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With most software used in your corporation or organization, you deal with one legal entity that develops, distributes and supports the software. And typically you pay for it by securing a license of some type from that legal entity. Not the case with the open source software (OSS) movement. By its very nature, the structure of the OSS community and its intertwined business model looks like a piece of pre-Y2K spaghetti code.

To understand OSS' culture and its possibilities to help your company or organization better manage your information technology (IT) needs, users should look at three aspects of OSS:

  • Is the software really free and open, or just open (or just free)?
  • How are the roles parceled out among specific OSS developers, the organization responsible for developing and distributing a specific code set, and the sponsoring commercial organization if any?
  • What does the software really do?

For starters, the OSS community dances on the head of a pin explaining the differences between open and free. There are two different organizations working somewhat at cross purposes to explain the difference between the two terms. The Free Software Foundation (FSF) has declared itself a social movement and is rapidly moving to a position that all technology-based intellectual property (IP), not just software, should be as free as air. Through a pseudo-subsidiary, FSF offers some important Linux operating system utilities but the FSF is more important for the legal work it has done to support its "free as air" concept for IP. The Open Source Initiative (OSI) does not insist on the socialistic agenda of the FSF or the FSF's singular legal approach. It agrees with most users and most providers of OSS that multiple legal approaches are OK as long as the basic principles of the code being available in source format for revision and redistribution without constraint are honored.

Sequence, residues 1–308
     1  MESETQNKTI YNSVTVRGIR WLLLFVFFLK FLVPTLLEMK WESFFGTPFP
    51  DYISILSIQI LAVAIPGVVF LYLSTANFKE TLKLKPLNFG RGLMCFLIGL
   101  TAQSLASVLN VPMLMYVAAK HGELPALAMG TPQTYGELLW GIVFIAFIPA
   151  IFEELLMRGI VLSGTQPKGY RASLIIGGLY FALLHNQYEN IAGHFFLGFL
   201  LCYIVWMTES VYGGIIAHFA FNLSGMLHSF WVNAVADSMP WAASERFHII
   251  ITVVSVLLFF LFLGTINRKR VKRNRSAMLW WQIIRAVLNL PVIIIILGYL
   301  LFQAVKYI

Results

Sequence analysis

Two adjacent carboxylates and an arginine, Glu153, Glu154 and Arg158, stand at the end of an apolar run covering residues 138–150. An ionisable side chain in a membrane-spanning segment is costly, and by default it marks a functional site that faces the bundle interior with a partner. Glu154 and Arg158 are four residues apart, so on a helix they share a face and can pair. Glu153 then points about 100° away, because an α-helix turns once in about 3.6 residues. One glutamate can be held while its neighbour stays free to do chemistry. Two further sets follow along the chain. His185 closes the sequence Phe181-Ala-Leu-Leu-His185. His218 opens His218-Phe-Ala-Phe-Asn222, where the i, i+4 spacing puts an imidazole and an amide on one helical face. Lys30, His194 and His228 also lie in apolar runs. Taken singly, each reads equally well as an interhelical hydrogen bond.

The OSI has 10 principles that go into more detail and the FSF has 20 years of manifestos that do the same but I think the preceding paragraph sums up the difference between open and free best. As for "just free," one thing both the OSI and FSF agree on is screening out freeware masquerading as OSS. Freeware is sample software, try-it-you'll-like-it downloads typically from one commercial company with no associated development community and no ability to see or revise its source. From the user perspective, there is nothing wrong with getting something free but just be careful of marketing ploys that claim freeware to be OSS if the basic OSS principles are what you are interested in.


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